Chapter 9: Random Variables and Probability Distributions
9.1 Expected Value of a Random Variable
Random variable: assumes any of several different values as a result of some
o Denoted by a capital letter, such as X.
o The value it may take on can be denoted by the corresponding
lowercase letter, for example, x.
Discrete random variable: a random variable that can take one of a finite
number of distinct outcomes.
o I.e. either 10, 20, 30, 40, or 50 etc.
Continuous random variable: a random variable that can take any numeric
value within a range of values. The range may be infinite or bounded at either
or both ends.
o I.e. 10 < x < 20
Probability distribution: a function that associates a probability P with each
value of a discrete random variable X, denoted P(X = x), or with any interval
values of a continuous random variable.
o Also called a probability model.
Expected value (mean): the expected value of a random variable is its
theoretical long-run average value, the centre of its model. Denoted μ or E(X),
it’s found (if the random variable is discrete) by summing the products of
variable values and probabilities:
( ) ∑ ( )
o It isn’t what actually happens to any particular policyholder; it is the
9.2 Standard Deviation and Variance of a Random Variable
Standard deviation of a (discrete) random variable: describes the spread in
the model and is the square root of the variance.
( ) √ ( ) √ ∑( ( )) ( )
9.3 Adding and Subtracting Random Variables
Changing a random variable by a constant
( ) ( )
( ) ( )
( ) ( ) Adding/subtracting a constant will shift the data but not change the variance
and therefore won’t change the SD.
( ) ( )
( ) ( )
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Addition Rule for Expected Values of Random Variables: the expected value
of the sum (or difference) of random variables is the sum (or difference) of
their expected values.
( ) ( ) ( )
Fundamental principle behind insurance is that by spreading risk among
many policies, a company can keep the SD quite small and predict costs more
Addition Rule for Variances of (Independent) Random Variables: the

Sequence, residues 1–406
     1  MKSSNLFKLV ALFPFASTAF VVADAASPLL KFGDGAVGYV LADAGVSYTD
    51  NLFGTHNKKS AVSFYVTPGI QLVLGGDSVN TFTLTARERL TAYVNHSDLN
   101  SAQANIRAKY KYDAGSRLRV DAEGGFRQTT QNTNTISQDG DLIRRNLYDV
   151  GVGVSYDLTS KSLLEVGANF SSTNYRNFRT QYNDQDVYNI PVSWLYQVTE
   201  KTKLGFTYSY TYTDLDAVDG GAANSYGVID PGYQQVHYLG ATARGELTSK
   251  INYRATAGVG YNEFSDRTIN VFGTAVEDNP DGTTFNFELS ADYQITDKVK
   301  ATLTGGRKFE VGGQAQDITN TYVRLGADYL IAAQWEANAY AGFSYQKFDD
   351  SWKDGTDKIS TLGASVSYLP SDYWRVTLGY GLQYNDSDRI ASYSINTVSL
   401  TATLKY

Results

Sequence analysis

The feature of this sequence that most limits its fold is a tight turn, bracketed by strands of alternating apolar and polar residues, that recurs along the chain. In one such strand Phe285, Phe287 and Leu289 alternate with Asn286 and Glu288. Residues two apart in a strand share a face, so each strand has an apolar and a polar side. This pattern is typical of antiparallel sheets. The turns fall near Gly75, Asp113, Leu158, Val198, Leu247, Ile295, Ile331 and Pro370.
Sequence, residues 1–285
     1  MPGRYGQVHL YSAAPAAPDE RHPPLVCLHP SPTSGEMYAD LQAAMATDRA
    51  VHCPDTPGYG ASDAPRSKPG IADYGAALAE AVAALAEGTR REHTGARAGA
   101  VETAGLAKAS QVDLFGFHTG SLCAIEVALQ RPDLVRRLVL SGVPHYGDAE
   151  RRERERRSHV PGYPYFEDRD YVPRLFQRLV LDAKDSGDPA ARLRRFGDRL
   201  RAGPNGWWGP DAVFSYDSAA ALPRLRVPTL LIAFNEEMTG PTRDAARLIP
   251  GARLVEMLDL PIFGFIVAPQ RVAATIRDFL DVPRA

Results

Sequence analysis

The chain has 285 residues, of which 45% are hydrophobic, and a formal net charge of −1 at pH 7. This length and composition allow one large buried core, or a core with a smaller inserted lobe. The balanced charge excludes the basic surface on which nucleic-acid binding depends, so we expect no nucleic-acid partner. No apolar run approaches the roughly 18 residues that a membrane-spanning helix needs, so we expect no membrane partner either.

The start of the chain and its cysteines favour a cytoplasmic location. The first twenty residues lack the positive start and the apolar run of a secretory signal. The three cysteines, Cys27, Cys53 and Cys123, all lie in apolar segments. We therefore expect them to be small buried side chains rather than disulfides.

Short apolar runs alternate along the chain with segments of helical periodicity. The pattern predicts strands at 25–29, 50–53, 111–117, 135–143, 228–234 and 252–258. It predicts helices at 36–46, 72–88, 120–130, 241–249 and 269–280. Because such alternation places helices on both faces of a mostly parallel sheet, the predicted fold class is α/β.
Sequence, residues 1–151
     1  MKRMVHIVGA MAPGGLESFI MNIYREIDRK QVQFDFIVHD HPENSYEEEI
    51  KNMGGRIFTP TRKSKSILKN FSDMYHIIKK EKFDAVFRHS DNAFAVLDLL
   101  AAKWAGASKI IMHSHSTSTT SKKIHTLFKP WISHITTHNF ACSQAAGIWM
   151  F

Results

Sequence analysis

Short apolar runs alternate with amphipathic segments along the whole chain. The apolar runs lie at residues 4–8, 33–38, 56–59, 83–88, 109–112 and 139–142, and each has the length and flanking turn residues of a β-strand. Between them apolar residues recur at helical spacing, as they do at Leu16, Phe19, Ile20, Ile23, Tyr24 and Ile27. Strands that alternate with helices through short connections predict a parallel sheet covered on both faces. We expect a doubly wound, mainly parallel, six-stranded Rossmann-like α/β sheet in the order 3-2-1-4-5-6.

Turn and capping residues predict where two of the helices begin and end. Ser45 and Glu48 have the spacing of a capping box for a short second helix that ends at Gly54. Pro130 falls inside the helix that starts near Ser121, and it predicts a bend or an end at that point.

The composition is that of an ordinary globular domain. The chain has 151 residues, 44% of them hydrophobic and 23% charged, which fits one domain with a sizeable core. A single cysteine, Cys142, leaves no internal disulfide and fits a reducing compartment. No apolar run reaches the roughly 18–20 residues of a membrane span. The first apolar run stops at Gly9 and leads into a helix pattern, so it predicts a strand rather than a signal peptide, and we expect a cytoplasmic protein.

variance of the sum or difference of two independent random variables is the
sum of their individual variances.
( ) ( ) ( )
( ) √ ( ) ( )
The variance of one policyholder with an expected payout that is doubled, is
4x the original variance (2 V[X]) whereas the variance of two policyholders
with the original expected payout is just 2x the original variance (V[X] +
o Thus the SD is higher with the one policyholder who has a doubled
possible payout vs. the two policyholders.
o When we subtract the variables, E – I, we add the variances, Var(E) +
o SD’s don’t add or subtract. The SD is obtained by taking the square
root of the variance.
o The expected value of the sum of two random variables is the sum of
the expected values.
o The expected value of the difference of two random variables is the
difference of the expected values.
o If the random variables are independent, the variance of their sum or
difference is always the sum of the variances.
The sum or difference of the variances of correlated variables is:
( ) ( ) ( ) ( ) ( )
The sum or difference of the variances of variables multiplied by constants is:
( ) ( ) ( ) ( ) ( ) The sum or difference of the expected values of the variables multiplied by
( ) ( ) ( )
When r < 0, the variance (riskiness of an investment) is reduced.
o “Don’t put all your eggs in one basket.”
9.4 Discrete Probability Distributions
If X is a random variable with possible outcomes 1, 2, … , n and P(X = i) = 1/n
for each value of I, then we say X has a discrete Uniform Distribution.
By convention, one of the outcomes in a trial is denoted a “success” and the
other a “failure”.
o Often the less common outcome or the one that calls for action is
called a success.
Bernoulli trials: a sequence of trials is called Bernoulli if:
o There are exactly two possible outcomes (usually denoted success
I.e. webpage loads correctly (failure) or does not (success).
o The probability of success is constant.
It is denoted p and the probability of failure is denoted q = 1 –
o The trials are independent.
I.e. the fact that one page loaded correctly will not impact if the
next will or not.
10% condition: we are ok to proceed in using a probability distribution to
model different aspects of Bernoulli trials so long as the sample taken is
smaller than 10% of the population.
o Also requires the outcomes to be independent.
9.6 The Binomial Distribu